There are a number of exceptions to the new law that limit the places on campus where handguns may be carried. Even license-holders may not carry a handgun into the following locations on college/university-owned or leased property:
Buildings and property used for athletic sporting events. This exception includes stadiums, gymnasiums and similar facilities in which intercollegiate games are staged (but does not extend to so-called "tailgating" areas where fans may congregate outside the gates of the sports facility). It does not extend to student recreation centers and similar facilities that are not used for intercollegiate games.
Student housing facilities including residence halls and similar buildings where students live such as fraternity and sorority houses. (Note that any housing that is not on property owned or leased by a University System institution is not covered by House Bill 280.)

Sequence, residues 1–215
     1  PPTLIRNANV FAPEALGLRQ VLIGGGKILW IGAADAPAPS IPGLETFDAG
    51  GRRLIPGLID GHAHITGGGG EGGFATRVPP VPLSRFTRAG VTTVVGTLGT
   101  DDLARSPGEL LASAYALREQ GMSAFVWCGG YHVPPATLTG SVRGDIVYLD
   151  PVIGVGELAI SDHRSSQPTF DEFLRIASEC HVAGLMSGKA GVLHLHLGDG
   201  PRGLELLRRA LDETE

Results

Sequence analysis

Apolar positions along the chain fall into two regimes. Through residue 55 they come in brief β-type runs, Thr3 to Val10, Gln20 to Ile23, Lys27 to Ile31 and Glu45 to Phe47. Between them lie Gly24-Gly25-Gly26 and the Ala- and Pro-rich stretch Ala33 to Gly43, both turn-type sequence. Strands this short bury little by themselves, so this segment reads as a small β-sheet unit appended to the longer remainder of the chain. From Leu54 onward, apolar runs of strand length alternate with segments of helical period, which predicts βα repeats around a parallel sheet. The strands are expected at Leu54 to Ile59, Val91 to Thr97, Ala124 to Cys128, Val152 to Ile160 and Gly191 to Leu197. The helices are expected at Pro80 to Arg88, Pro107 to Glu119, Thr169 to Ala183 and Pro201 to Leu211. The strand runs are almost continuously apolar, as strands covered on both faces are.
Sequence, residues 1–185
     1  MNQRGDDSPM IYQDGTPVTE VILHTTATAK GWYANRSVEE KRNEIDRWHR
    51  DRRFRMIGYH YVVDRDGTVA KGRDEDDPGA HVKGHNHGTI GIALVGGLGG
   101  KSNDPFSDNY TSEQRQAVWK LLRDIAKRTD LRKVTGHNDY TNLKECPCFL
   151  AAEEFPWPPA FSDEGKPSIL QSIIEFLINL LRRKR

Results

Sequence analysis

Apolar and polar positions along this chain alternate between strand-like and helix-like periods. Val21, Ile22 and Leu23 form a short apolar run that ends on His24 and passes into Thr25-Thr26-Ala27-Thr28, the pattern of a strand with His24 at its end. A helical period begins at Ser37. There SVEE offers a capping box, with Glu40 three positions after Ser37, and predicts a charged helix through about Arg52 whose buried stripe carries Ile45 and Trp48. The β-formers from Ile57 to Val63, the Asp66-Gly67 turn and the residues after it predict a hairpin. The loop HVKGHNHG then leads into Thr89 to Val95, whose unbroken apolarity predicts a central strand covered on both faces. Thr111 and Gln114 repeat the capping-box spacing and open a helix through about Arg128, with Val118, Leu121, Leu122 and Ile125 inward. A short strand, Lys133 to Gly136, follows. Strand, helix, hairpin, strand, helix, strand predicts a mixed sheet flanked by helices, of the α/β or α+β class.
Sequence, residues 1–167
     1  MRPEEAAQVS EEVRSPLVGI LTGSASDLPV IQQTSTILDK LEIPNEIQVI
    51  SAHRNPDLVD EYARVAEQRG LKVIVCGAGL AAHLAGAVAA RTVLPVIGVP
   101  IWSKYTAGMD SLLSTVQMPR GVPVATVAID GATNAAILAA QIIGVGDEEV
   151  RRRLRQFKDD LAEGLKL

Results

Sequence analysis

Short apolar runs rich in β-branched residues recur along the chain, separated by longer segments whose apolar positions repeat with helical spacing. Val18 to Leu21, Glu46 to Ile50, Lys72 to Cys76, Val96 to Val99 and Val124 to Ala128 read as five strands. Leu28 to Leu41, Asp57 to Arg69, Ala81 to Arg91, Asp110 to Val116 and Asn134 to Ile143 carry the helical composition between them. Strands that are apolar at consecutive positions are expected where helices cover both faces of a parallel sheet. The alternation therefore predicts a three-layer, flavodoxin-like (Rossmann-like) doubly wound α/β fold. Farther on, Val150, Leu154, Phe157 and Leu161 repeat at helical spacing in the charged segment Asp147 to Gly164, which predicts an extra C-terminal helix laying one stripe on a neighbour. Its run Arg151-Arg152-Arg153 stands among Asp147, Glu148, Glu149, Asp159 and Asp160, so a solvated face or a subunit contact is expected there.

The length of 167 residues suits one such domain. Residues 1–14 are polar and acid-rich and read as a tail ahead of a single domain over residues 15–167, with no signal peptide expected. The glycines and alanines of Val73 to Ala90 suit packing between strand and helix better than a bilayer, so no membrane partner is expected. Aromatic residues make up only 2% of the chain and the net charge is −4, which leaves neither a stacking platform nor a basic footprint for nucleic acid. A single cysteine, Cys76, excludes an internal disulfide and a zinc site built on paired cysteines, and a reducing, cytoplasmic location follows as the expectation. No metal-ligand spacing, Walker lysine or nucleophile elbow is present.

Spaces—including any room, continuous collection of rooms or outdoor facility—that are used for preschool or childcare. In order to qualify, preschool and childcare spaces must have controlled access (meaning access via personnel stationed at the door or an electronic mechanism) limited to authorized people.
Rooms and other spaces during the times when they are being used for classes in which high school students are enrolled, whether through dual enrollment and programs such as Move On When Ready or through college and career academies or other specialized programs such as Early College. License-holders who want to carry handguns to class will need to visit the institution's registrar or other designated employee, who after verifying their enrollment status will tell them which of their classes, if any, have high school students enrolled. Institutions shall not, however, keep any listing of those who inquire. (Note also that the names of enrolled high school students may not be revealed in accordance with applicable privacy laws.) It is the responsibility of license-holders to seek out this information and make themselves aware of which classrooms fall within this exception.
Faculty, staff, and administrative offices. This exception includes offices and office suites occupied by faculty, staff and administrators but does not include more general public common spaces outside of those areas.